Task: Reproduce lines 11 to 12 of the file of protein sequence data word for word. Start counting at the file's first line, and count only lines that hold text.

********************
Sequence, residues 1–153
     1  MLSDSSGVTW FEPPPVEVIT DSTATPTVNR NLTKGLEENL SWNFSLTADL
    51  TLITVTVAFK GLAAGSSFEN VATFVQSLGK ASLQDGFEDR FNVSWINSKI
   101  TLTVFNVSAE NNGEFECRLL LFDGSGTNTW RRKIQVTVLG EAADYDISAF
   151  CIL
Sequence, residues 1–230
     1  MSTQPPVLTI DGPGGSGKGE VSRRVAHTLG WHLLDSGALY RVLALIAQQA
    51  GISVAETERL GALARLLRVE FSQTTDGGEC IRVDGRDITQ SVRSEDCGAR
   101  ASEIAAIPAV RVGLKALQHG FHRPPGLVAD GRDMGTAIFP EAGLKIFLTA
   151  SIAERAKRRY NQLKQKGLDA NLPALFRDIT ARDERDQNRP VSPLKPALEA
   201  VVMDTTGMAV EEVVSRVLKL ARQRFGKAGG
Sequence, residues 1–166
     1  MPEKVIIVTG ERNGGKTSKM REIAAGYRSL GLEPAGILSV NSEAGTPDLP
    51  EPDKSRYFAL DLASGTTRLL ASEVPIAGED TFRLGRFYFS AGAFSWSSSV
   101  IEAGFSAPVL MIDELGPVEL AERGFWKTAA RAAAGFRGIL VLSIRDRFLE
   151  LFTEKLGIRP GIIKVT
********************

   201  VVMDTTGMAV EEVVSRVLKL ARQRFGKAGG
Sequence, residues 1–166